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Would it be grammatically okay to say the following?

"Why I want money is for buying an electronic dictionary that speaks."

"Why I want money is to buy it."

"The reason I want money is -same sentences as the above two-"

"I want money wanting it."

"Wanting money because I want it."

Generally if you would like to say as those, do you say simply such as "I want money because I want it."?

Thank you very much.
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The reason I would like the money is to buy an electronic dictionary.

Starting a sentence with the word 'why' usually implies a question (but not always).
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AchamoThe reason I want money is
This is the pattern you want. Add an infinitive clause to finish the sentence.

The reason I want money is [to pay the bills / to buy some clothes / to buy a dictionary].

AchamoI want money wanting it.
This doesn't make sense. You can't use this.

AchamoWanting money because I want it.
Same. You can't use this.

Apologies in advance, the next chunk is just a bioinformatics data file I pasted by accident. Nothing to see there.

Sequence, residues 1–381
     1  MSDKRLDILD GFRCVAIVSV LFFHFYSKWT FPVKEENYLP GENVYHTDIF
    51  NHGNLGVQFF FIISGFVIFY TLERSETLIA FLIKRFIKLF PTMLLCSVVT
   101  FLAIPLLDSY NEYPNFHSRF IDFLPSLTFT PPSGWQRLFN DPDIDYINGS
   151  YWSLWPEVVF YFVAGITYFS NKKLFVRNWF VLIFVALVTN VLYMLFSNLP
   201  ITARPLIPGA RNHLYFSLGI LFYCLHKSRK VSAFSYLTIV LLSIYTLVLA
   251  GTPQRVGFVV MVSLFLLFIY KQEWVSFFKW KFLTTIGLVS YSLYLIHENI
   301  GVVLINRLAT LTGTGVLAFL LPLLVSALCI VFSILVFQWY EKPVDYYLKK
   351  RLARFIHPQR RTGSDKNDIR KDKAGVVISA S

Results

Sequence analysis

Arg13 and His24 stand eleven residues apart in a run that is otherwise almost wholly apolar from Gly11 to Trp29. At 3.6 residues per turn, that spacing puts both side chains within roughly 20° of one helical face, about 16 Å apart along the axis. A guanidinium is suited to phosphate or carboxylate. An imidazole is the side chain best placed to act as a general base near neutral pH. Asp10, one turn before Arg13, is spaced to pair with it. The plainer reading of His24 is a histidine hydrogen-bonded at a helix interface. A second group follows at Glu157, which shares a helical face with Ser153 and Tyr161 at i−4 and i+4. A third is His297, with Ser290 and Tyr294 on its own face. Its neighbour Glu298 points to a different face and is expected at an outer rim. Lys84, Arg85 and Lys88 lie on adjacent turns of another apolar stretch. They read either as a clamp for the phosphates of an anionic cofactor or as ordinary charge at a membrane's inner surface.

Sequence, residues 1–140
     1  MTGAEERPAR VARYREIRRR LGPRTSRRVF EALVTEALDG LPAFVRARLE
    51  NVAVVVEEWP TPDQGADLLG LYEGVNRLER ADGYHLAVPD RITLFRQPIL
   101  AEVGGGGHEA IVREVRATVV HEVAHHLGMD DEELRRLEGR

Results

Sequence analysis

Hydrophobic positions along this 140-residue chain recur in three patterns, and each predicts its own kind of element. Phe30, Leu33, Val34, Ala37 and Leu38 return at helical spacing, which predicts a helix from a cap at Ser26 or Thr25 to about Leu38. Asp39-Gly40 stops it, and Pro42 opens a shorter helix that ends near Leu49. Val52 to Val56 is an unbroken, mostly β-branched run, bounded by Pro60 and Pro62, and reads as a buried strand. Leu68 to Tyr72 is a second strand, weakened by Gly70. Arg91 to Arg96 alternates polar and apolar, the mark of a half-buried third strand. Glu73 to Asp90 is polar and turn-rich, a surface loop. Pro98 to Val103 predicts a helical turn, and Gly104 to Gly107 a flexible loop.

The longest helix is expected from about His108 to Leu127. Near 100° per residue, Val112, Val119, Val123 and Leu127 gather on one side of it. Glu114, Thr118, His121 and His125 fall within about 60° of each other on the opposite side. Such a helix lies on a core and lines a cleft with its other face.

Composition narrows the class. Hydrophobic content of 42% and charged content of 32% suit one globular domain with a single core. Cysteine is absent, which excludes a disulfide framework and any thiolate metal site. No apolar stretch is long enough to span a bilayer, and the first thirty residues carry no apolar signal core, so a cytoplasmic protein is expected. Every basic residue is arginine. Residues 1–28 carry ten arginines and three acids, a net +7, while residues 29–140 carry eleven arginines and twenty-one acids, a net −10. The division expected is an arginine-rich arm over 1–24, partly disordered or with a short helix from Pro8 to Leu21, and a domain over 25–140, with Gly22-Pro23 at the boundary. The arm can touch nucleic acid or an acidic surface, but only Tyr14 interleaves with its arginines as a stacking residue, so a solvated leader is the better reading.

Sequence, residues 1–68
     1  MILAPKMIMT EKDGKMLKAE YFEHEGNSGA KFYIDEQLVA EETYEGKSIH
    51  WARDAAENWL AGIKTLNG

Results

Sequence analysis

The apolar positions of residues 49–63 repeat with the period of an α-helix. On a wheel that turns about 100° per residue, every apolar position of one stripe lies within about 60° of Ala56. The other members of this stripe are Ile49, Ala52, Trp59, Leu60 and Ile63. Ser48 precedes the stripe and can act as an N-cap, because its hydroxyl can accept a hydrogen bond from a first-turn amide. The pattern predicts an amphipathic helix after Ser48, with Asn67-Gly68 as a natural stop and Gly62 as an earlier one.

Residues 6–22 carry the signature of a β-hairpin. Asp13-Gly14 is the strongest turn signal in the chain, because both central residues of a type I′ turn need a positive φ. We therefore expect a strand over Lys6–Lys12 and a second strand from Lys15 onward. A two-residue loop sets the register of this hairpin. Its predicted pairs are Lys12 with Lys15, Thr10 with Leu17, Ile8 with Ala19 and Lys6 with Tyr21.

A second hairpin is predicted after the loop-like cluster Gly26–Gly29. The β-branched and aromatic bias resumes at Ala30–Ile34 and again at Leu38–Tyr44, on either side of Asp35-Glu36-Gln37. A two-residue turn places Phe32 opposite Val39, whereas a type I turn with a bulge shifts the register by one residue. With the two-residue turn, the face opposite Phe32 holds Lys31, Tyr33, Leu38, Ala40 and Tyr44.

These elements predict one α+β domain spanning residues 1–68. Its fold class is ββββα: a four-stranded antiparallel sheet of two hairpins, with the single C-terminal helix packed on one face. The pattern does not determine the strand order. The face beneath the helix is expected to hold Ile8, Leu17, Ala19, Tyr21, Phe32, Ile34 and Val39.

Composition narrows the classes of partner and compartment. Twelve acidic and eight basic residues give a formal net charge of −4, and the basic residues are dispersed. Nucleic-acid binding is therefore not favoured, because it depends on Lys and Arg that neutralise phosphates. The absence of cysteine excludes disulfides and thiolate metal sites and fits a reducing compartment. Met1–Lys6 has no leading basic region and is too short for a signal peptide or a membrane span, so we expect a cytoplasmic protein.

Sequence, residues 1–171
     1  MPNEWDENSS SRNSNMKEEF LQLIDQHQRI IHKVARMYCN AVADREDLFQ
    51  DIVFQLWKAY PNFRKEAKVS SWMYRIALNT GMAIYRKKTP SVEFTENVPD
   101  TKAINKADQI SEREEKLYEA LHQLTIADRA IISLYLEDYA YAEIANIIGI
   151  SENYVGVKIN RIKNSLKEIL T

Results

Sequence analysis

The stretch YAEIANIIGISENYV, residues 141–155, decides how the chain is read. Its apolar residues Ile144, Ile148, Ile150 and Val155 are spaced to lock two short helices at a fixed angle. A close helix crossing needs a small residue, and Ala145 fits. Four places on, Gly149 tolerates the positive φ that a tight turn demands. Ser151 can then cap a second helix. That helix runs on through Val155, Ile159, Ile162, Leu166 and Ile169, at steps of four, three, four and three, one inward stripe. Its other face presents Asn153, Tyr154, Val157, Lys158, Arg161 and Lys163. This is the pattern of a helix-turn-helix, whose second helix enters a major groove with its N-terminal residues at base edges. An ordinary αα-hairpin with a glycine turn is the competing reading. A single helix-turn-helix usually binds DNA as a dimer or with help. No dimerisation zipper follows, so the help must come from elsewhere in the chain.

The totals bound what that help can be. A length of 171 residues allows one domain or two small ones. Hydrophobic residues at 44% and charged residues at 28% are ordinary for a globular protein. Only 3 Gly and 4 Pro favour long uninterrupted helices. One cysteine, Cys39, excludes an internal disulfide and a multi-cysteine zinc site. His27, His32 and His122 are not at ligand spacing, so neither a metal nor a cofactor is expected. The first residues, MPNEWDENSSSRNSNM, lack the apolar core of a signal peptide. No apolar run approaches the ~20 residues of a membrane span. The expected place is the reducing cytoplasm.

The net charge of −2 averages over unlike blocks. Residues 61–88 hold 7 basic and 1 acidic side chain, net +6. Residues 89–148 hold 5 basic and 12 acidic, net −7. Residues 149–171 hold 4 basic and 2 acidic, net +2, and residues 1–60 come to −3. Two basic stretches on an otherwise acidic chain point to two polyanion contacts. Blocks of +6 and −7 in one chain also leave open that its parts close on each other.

CJ
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Comments  
Thank you for your reply. Thank you for your reply. I see that the word "why" is basically not used in starting a sentence as a positive sentence. I was wondering if you could answer further questions, please.
JohnParisThe reason I would like the money is to buy an electronic dictionary.
1. Is it better to add the word "the" before "money" in this case?

2. Would it be wrong to say "The reason I would like the money is for buying an electronic dictionary."

3. Are "I want money wanting it." and "Wanting money because I want it." wrong sentences?

Thank you.
 CalifJim's reply was promoted to an answer.
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I understand. I wanted to use participial construction, but I am not sure when I can use it.

Please let me ask about it in another thread here someday. Emotion: smile Thank you very much, CalifJim.